More than 3 million pets joined British households during the Covid pandemic and inevitably some of them will have been among the record 1.03m claims made on insurance in 2021.
From treating a tortoise’s digestive disorder (£560) to surgery for a cat’s broken tibia (£2000), pets’ illnesses and injuries can put severe strain on the household budget, especially this year as we head into a forecasted cost of living crisis.
Last year the number of claims surpassed pre-Covid levels, beating the previous highest year of 2017. In fact 2021 was a record year all round with £2.4 million a day processed by insurers, a 9.2% increase over the previous year and a 4% increase in the average claim. In total insurers paid out £872m last year.
Recent examples of how much it can cost to treat an ill or injured pet include:
- The average cost for treating a cat’s respiratory condition is £726
- Treating a tortoise’s digestive disorder can cost over £560
- Surgery for a cat’s broken tibia cost nearly £2000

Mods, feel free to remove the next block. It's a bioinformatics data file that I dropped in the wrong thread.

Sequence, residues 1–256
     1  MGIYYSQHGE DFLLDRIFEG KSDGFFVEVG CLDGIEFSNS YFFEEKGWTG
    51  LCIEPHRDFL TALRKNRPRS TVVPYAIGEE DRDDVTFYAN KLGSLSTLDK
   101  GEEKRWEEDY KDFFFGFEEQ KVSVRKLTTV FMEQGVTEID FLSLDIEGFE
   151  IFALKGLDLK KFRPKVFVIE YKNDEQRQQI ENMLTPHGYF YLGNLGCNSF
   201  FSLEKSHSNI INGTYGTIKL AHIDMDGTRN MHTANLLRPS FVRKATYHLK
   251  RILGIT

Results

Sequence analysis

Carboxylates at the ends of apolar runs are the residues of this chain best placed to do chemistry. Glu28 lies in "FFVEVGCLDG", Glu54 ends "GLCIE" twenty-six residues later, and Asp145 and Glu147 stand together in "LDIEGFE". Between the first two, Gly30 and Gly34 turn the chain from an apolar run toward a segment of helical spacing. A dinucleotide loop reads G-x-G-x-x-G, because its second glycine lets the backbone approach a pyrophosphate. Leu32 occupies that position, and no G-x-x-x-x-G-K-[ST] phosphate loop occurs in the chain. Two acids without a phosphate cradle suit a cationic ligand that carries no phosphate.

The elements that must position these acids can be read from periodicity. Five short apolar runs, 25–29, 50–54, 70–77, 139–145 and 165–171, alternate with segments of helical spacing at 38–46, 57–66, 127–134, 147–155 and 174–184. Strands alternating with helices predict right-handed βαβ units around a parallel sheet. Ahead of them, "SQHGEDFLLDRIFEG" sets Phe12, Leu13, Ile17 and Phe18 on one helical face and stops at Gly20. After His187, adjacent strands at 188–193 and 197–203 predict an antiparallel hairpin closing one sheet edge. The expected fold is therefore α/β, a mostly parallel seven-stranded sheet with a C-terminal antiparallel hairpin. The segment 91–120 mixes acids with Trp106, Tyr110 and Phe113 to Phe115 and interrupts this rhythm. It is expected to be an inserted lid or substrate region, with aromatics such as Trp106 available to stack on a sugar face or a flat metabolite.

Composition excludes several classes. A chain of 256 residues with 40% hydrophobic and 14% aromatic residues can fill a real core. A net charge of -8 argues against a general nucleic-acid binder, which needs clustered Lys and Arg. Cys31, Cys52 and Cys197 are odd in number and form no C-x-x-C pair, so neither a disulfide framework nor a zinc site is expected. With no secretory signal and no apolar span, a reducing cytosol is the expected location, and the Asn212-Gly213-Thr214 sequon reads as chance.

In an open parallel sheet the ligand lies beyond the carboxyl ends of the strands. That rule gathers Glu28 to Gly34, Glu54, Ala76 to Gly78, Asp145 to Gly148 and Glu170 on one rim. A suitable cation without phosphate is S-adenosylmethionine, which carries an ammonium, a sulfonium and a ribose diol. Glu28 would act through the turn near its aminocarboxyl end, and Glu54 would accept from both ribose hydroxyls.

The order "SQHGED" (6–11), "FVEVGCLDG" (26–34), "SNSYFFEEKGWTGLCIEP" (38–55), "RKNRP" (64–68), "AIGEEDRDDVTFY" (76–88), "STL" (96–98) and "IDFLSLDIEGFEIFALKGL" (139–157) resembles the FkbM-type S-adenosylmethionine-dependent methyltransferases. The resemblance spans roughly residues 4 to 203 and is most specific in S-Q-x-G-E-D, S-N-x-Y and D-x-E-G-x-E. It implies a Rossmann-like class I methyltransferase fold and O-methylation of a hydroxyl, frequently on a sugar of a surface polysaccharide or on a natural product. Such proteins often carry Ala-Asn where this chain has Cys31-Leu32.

- Treating a small dog with gastroenteritis can cost £673
- It can cost over £3300 to treat a dog diagnosed with epilepsy
- Treating a dog with diabetes can cost over £1200
- Specialist treatment and surgery for a puppy with hip dysplasia can cost over £13,000
- Treatment for a cat suffering from soft tissue sarcoma can cost over £12,200
More statistics show that our reputation for being a nation of animal lovers is still valid. The Association of British Insurers (ABI)’s data also reveals that in 2021:
- The number of people purchasing pet insurance increased by 4.5% to 3.7 million, the highest number since 2017.
- The number of pets protected by insurance increased for the first time since 2018, from 4.2 million to 4.3 million.
- There were 1,029,000 total claims notified. This includes 764,000 claims for dogs, 225,000 for cats and 40,000 for other animals.
Jonathan Purvis, Policy Adviser, General Insurance at the ABI says: “Whether they’re curious cats, playful puppies or even a timid tortoise, our pets are members of the family. They might offer us a great deal of happiness but there’s no doubt they can keep us on our toes with their adventurous ways.
“With no NHS for pets, insurers are there to protect you and your furry friend when they get into mishaps or fall ill. As the cost of living crisis starts to bite, insurance can give you the peace of mind that, should your pet need medical care, the costs won’t leave you feeling sick as a parrot.”